Albert J. Bannon (also listed as “Bannen”) was born in Philadelphia and mustered into service on August 23, 1861 in Company I, 95th Pennsylvania Volunteer Infantry. Bannon was promoted to corporal in the fall of 1864 and reenlisted as a veteran volunteer in November 1864 for an additional three years of service. When the regiment was consolidated into a battalion of five companies, Corporal Bannon was transferred to Company C. On April 2, 1865, Bannon and Sgt. John Cook of Company D were cited in the regimental report for their courage in being some of the first men of the battalion into the Confederate works during the course of the general attack on Fort Fisher, the two laying claim to a Confederate cannon after driving off its gunners. Promoted to sergeant, he was designated color bearer for the 95th Pennsylvania in 1865 and served with the regiment until mustered out of service on July 17, 1865. Bannon’s jacket, testament, sergeant stripes and a flag he carried as color bearer are in the possession of Russ Wunker, Ontario, Canada.
Bannon’s jacket, testament, and several other items have survived and are today in a private collection. The jacket is a Schuylkill Arsenal product, shows wear and age but is in remarkable condition given that it was probably worn all fours years of Bannon’s service. The jacket body is three piece, made of a medium weight dark blue wool and two piece sleeves with the red wool trim applied by hand. Typical of all Schuylkill Arsenal items, the jacket is completely hand sewn, the thread long haven turned to the characteristic brown typical of 1860’s thread dyed with logwood. The body lining is a three piece pattern matching the exterior seams and made of a brown plaid cotton shirt material with no padding in the chest. The lining pieces are hand sewn together with the side and bottom edges pressed under and whip stitched over the wool facings. There is long, narrow pocket set into the left breast, the opening along the lining edge with the pocket made of a polished cotton material. The throat hook and eyelet are sewn directly into the coat body. The facings inside are left with the edges raw and whip stitched into place around the collar and lower back, with reinforcements around each of the bottom vents. The sleeves are lined in white muslin with reinforcements at each cuff.
AT LEFT: Reverse of Bannon’s jacket, showing the two diving seams to the lower back with off set vents. The trim above the vents rise to a sharp triangular point, a slight variance in comparison to the other examples featured on this site. The wool of the jacket body has a smooth finish, similar to a high quality broadcloth but is slightly heavier in weight when compared to the broadcloth used in regular Army dress coats.
AT LEFT: Typical of the zouave jacket design, the sleeves are quite wide at the elbow with a slight gathering at the shoulders. The cuffs are trimmed with the red wool strip and flattened cord, ending with a sharp “V” in the bottom seam of each sleeve, a slight variation compared to the cuff design seen in the Rockhill and Wilson manufactured jackets. The two one half-inch dome shaped buttons are present on both cuffs.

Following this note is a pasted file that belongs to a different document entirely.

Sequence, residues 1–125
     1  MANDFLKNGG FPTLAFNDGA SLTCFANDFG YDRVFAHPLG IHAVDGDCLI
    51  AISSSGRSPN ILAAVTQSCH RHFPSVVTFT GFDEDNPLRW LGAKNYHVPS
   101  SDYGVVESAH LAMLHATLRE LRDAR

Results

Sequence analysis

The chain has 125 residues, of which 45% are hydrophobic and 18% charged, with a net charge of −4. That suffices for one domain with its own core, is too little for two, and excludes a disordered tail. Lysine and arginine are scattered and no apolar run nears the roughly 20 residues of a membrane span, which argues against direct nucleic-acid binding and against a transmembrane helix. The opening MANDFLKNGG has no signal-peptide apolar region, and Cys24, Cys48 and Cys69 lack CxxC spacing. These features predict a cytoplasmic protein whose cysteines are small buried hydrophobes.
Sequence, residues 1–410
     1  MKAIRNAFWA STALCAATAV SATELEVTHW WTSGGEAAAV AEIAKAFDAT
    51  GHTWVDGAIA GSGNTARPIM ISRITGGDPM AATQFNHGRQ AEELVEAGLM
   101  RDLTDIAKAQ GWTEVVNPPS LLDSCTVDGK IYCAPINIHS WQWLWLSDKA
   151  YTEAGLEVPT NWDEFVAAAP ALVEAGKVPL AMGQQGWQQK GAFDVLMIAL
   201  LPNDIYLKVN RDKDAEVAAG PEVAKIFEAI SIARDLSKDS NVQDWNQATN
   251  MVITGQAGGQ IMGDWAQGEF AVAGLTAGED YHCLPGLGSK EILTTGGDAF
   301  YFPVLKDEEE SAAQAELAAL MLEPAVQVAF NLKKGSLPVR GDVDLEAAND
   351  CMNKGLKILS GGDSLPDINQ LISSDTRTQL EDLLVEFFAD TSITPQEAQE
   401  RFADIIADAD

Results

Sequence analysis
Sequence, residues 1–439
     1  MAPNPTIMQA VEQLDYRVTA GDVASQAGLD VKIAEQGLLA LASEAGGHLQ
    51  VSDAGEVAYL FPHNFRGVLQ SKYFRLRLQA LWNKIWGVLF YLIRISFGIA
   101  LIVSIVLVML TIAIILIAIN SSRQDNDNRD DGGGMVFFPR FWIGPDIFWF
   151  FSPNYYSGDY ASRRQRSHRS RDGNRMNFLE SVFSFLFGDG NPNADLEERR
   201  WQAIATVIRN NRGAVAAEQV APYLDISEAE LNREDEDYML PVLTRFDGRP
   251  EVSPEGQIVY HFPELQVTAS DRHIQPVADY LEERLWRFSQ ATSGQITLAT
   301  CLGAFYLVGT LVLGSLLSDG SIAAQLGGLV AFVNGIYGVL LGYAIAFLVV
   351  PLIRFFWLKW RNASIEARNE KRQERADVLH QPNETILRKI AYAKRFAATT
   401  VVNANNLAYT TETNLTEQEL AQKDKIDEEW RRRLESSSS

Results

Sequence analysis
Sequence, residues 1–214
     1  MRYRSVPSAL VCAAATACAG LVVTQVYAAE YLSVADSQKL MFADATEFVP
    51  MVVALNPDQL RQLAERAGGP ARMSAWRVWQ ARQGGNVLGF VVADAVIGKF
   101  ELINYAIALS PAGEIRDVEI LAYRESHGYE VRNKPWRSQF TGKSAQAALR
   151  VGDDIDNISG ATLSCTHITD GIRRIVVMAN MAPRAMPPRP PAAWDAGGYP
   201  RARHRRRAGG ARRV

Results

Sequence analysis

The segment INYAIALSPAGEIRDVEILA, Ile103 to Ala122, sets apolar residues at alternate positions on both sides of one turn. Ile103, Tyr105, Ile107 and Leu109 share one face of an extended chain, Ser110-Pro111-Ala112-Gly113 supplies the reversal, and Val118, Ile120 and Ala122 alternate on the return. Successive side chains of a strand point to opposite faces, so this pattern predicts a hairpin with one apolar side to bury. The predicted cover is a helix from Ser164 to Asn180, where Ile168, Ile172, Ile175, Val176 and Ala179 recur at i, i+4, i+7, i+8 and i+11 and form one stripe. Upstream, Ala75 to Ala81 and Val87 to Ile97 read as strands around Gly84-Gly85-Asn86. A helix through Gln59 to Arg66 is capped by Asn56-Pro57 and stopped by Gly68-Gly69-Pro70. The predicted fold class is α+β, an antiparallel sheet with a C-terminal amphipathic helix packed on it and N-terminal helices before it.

AT LEFT: Collar and throat closure detail of Bannon’s jacket. The hook and clasp are still there made of a japanned iron. Note the two piece interior facing of dark blue broadcloth, whip stitched into place. Sixteen one half-inch diameter dome shaped buttons run down each lapel of the jacket, placed between the trim and flatten cord piping, which is hand tacked to the jacket.
AT RIGHT: The jacket’s lining is made of a brown plaid, heavy weave cotton material similar to the material used for shirts and dresses of the period. This same material has been found in Schuylkill Arsenal jackets documented to the 76th Pennsylvania and 23rd Pennsylvania regiments. Note the facings at the bottom of the jacket, sewn over the lining and jacket body.
BELOW: Albert Bannon’s surviving color sergeant stripes, worn when he bore the 95th Pennsylvania’s regimental flag (the state flag) in 1865, with its own set of embroidered flags, and the pocket testament he carried during service. The sleeves of Bannon’s jacket show evidence of the sergeant’s stripes having once been sewn to them and why they were removed is a mystery. Evidently only one of the pair of stripes survived. On the inside flap of Bannon’s pocket testament is written, “clipped by a rebel bullet, May 12, 1864”, which occurred during the bloody fighting at the Bloody Angle or “Mule Shoe”, Battle of Spotsylvania Court House, Virginia. The testament must have been in Bannon’s vest pocket, the bullet tearing away the corner of the heavy cardboard cover and a portion of its pages. Inside the testament Bannon also pasted a clipping from a Philadelphia newspaper listing the 95th Pennsylvania’s casualties at Spotsylvania, his name included among the many.
I gratefully acknowledge the courteous assistance of Russ Wunker for loaning me Bannon’s jacket, testament, sergeant stripes and other items, which are highlighted in this study.